KEJC Comment Opposing Approval of Tennessee’s Medicaid Block Grant Proposal

Secretary Alex M. Azar, II

United States Department of Health & Human Services

Washington, DC

via electronic submission


RE: Comment Opposing TennCare Waiver Amendment 42


Dear Secretary Azar,


Kentucky Equal Justice Center (KEJC) submits these comments in response to Tennessee’s recent block grant proposal referenced above. KEJC is a 501(c)(3) advocacy center dedicated to addressing issues that affect low-income Kentuckians. As the Health Law Fellow at KEJC, I’m usually focused in on Kentucky’s Medicaid program, but when we heard about Tennessee’s proposed changes to their Medicaid program, we couldn’t stay silent about how those changes might affect our neighbors to the south. We’re also concerned about the long-term effects that approval of Tennessee’s proposal could have on other states.


According to Tennessee’s proposal, the state wants to “reimagine[] the Medicaid financing structure” with an eye to saving the state money. Essentially, Tennessee is asking CMS if it will ignore the financing structure that Congress established in the Medicaid statute and just allow the state to use federal Medicaid dollars however the state pleases.


The proposal is very short on details, so it’s hard to tell (and therefore difficult to comment on) what exactly the state has in mind besides saving money. The proposal says that this new financing structure “emphasize[s] state accountability for effective program management,” but the content of the proposal suggests otherwise. According to the proposal, the state can “modify enrollment processes, the service delivery system, and comparable program elements” without federal approval.


But the Medicaid program is not (and should not be) a blank check for states with no accountability. Imagine going to a hospital where the hospital’s highest objective was saving the hospital money. (Maybe you have been to such a hospital.) Imagine further that the hospital says it will be even easier to save money if it’s accountable to no one. That might be true; it will probably be easier to save money if patients and government agencies can’t hold the hospital accountable for the services it provides. But here’s the catch – no one would want to go to that hospital or take a relative or friend to that hospital (at least not any relative or friend you liked). No one would say to a friend, “You should go to that hospital because I’ve heard it ‘routinely underspend[s]’ what it budgets.”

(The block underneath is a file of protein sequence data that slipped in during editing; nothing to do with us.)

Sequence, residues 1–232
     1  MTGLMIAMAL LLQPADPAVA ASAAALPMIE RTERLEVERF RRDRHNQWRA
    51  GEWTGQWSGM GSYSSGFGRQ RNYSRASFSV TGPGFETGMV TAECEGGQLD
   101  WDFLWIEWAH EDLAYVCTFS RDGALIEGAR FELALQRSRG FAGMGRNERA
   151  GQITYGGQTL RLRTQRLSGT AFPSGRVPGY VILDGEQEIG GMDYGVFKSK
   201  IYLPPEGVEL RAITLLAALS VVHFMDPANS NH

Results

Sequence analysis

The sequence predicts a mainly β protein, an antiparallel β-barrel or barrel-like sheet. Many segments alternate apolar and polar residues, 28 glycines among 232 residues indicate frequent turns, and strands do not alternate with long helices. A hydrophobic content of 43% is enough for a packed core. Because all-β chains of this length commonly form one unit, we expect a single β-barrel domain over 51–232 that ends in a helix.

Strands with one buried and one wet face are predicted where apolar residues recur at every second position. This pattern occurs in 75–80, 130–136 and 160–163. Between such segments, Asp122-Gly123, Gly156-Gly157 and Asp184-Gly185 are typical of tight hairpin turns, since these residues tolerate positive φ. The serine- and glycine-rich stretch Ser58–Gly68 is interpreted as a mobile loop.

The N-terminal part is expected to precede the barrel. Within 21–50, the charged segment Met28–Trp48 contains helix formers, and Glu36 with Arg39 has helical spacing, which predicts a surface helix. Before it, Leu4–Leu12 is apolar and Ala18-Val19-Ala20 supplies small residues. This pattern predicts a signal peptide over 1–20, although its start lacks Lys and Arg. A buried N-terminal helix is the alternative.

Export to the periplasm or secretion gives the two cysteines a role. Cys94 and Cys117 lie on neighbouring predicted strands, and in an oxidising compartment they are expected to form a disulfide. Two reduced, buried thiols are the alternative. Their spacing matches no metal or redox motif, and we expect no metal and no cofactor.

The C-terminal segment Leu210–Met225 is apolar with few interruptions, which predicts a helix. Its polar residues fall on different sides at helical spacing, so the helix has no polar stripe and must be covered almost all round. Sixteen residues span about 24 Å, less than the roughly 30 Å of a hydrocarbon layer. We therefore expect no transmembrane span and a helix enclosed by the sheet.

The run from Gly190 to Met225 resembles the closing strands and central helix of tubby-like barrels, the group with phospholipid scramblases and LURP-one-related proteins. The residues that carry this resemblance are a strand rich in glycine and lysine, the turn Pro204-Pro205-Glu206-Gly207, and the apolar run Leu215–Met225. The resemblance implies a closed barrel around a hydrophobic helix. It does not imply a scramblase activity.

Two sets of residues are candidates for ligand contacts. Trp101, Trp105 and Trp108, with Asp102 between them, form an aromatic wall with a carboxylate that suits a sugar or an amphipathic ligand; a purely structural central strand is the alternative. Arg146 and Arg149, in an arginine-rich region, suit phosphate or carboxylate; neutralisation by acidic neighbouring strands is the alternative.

Tennessee is very near and dear to me. A lot of my family lives in East Tennessee; I visit there regularly. I graduated from Union University in Jackson, Tennessee, and many of my friends are spread throughout the state. I’m deeply troubled by the fact that many of my friends and family members might need healthcare from a state system devoted to budget savings over quality care for its citizens.


If Tennessee’s primary concern was providing quality care to as many of its residents as possible, Tennessee would expand Medicaid instead of proposing this block grant. States like Kentucky that have expanded Medicaid have experienced higher rates of early-stage cancer diagnosis, an uptick in smoking cessation, improvements to behavior health and substance use disorder treatment, and lower emergency department utilization. And ironically, expanding Medicaid is also a proven (not experimental) way to boost local economies. While rural hospitals in Tennessee struggle to stay open, Medicaid expansion has saved many rural hospitals in Kentucky.


But instead of exercising the Medicaid options Congress has specifically crafted for states, Tennessee is asking to implement a payment scheme not authorized by Congress that will undoubtedly invite legal challenges. Kentucky can also attest to the costs of defending Medicaid experiments that favor state savings over Medicaid beneficiaries.


We at KEJC strongly and unequivocally oppose approval of Tennessee’s block grant proposal. The Medicaid Act’s purpose is to pay for medical services for the neediest among us, and we want to ensure that the program stays that way for Tennessee and every other state.


Thank you for this opportunity to comment,

Betsy Davis Stone

Health Law Fellow

Kentucky Equal Justice Center


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